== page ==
It’s the day before Valentine’s Day! (I write my columns a week ahead to fit in with publication deadlines.) And love is in the air. In fact, it starts at church playgroup when George and I make a paper heart studded with scrunched up tissue roses. Actually the vicar’s wife has already cut out the shapes and George is too busy trying to wriggle off the toddler chair to get on the slide. So I do quite a lot of the rose gluing for him. But it doesn’t matter!
As I said to one of my granny friends, it’s evidence that we’ve attained our “aims and objectives” in playgroup today. I even manage to guide his little hand to write, To Mummy and Daddy, Love George. Then I put the date on the back because it will go into the “Keep Safe” folder which, like many mums, my daughter is compiling. I’ve got a whole cupboard’s worth of things she made as a child and my second husband is always asking if we really need it. Yes we do. It’s something to look back on in years ahead.
Meanwhile, little Rose has been busy at nursery making a Valentine’s card for her parents with a big chocolate in shiny-red wrapping in the middle. “Look!” she beams when I collect her. “Can I eat it now?”
“I think it’s for Mummy and Daddy,” I say.
Her face crumples. “No. I want it.”
Oh, oh. We haven’t even got out of the gates yet and I have a toddler tantrum on my hands. Then I remember. Valentine’s Day is meant to celebrate love. Not to mention peace. And of course compromise. So in the interest of the latter, I distract my granddaughter with a piece of my emergency cheese – she loves a snack on the way back – and then hide the chocolate card behind the piano lid for when the “children” come home.
“Very devious,” says my second husband approvingly when I get back to our place. It’s nearly 7pm and after dinner, I zip up to my study to catch up with work emails. By the time I come down, I’m ready for bed. Like many of my granny friends, I need to be up at 6.20am. In fact, I often meet one of my mates on the way and we exchange cheery waves across the street!
“As you’ve got an early start, I thought we’d open our cards tonight,” says my husband. To be honest, I’m so exhausted, I’d rather leave it. But I don’t want to hurt him. He pretends to be pleased when I give him a jumper which is identical to one I gave him two years ago. (Whoops! I’d forgotten.) And he gives me a book, some lavender smellies (my favourite) and a voucher for a long weekend away next month. I am bowled over…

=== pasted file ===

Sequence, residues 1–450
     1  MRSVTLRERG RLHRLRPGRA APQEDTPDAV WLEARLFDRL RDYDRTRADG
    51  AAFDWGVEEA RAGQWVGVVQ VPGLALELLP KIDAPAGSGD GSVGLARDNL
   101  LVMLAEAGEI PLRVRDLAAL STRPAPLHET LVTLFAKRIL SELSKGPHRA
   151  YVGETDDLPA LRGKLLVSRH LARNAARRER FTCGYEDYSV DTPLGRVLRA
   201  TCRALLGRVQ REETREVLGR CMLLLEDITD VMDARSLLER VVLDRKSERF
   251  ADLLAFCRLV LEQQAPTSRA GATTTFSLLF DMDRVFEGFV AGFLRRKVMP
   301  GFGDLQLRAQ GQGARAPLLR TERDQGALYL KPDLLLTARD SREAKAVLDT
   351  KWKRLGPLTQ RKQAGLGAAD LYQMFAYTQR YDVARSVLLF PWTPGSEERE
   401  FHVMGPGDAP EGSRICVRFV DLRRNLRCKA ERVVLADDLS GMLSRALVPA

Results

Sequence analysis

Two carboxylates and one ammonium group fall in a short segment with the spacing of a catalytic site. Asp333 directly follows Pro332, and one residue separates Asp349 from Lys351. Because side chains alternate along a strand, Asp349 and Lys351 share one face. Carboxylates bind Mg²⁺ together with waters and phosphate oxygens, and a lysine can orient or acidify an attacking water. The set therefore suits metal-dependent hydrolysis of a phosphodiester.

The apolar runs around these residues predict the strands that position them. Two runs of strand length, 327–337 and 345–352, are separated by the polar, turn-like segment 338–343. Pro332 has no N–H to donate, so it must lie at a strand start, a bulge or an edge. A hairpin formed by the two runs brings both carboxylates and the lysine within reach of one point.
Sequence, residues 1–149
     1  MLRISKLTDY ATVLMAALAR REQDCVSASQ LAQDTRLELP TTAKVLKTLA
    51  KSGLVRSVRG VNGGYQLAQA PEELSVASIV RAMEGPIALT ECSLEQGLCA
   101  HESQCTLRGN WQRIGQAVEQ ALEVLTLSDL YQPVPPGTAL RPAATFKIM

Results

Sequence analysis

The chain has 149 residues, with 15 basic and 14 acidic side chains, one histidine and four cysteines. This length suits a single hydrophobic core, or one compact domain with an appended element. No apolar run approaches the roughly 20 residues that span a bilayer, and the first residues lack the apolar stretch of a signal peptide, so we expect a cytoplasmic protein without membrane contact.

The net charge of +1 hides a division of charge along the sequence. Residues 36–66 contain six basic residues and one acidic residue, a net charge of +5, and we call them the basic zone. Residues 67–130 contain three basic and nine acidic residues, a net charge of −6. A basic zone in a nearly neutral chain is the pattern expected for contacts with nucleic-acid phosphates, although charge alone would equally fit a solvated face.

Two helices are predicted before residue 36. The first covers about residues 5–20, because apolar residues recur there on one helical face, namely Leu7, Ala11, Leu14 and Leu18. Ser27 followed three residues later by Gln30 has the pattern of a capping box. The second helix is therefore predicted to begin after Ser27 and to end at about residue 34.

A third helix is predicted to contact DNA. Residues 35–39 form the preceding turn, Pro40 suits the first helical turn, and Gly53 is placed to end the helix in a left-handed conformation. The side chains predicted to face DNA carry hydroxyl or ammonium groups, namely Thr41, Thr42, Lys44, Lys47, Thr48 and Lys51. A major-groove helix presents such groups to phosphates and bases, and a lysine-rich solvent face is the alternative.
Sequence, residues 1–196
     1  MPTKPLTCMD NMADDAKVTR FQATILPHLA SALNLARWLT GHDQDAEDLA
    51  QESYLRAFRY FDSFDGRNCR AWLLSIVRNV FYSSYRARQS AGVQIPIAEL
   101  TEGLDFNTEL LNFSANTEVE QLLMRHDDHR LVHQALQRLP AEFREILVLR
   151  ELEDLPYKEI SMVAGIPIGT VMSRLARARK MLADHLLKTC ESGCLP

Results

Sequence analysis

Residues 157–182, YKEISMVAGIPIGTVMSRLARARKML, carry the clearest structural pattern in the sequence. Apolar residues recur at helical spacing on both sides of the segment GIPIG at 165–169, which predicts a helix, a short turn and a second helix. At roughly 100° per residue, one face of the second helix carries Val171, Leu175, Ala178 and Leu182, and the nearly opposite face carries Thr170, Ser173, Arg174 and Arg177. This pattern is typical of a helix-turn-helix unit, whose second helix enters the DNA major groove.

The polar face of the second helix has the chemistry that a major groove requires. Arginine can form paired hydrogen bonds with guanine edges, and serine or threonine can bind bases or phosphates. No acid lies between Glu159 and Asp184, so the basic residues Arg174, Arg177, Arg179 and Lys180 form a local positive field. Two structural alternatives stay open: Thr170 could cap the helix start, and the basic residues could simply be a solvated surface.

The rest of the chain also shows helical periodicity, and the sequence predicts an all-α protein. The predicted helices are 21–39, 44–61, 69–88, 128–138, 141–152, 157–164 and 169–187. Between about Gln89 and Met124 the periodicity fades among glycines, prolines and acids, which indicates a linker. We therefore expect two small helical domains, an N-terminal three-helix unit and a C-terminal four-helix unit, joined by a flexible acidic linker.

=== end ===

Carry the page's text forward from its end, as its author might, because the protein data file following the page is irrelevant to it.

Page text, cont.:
Uncle Wow offers to help
“Would you like a hand with nursery pick up?” asks my eldest son on Valentine’s Day itself. He’s at home briefly before going off to work abroad. The children love their uncles because they play silly games. This one is known as Uncle Wow because he’s such fun and makes them go “wow!”
“Please don’t do that,” I say when eldest son tips back the double buggy so the children squeal with delight. “I don’t think it’s safe.”
“Of course it is Mum! Besides, it’s inflight entertainment!”
“More, more, Uncle Wow,” demands Rose thumping her little fists on the side of the buggy.
But I put my foot down and ban it which leads to tears. Sometimes you just have to be unpopular in order to keep them in one piece. When we get home, George produces a nappy which (don’t read this if you’re squeamish) is a mini-version of a brown Niagara Falls. Even worse, I discover this when he’s on his sister’s cream bedroom carpet. “Quick!” I call out to my son. “Find the changing mat!”
“What does it look like?” he yells back.
George is like a slippery fish
I can’t explain. I’m too busy trying to keep George still (he’s wriggling like a slippery fish) and saving the carpet. I need four hands for this! Somehow I manage to clean him up although there are one or two dubious stains in the room. I’m hoping my daughter won’t notice. By now I’m feeling so stressed that I almost want to burst into tears. But then George give me one of his lovely wonky smiles and it’s all worthwhile.
Meanwhile, I am babysitting tonight. “On Valentine’s Day?” questions a friend whose own children haven’t “produced” yet. “Don’t you want to go out with your husband?”
Actually, we’re having lunch out the day after instead. I don’t like going out in the dark and besides, it’s important for my daughter and son-in-law to have some time together as well.
My husband comes with me for company and we just about manage to work their state of their art television to catch up with Shetland. But I’m only half-watching it because my neck is swivelling between both baby screens. George is decidedly restless and keeps moving right up against the bars of the cot. And at one point I can’t even see Rose so have to tiptoe up and check. (She’d emigrated to the other end of the bed out of screen vision.)
“Are they OK?” asks my wonderful childless husband when I tiptoe down. I love the fact that he cares too. It’s all part of this extraordinary tapestry of love. Parent love. Uncle love. Cousin love. Sibling love. Grandchildren love. I wouldn’t be without it for the world. There’s nothing like the slobbery kiss that George plants on my cheek or the hug that I get from Rose when I collect her from nursery.
So Happy Valentine’s Day to you all. It doesn’t matter that it’s a week old by the time you’re reading it. Because true family love goes on for ever.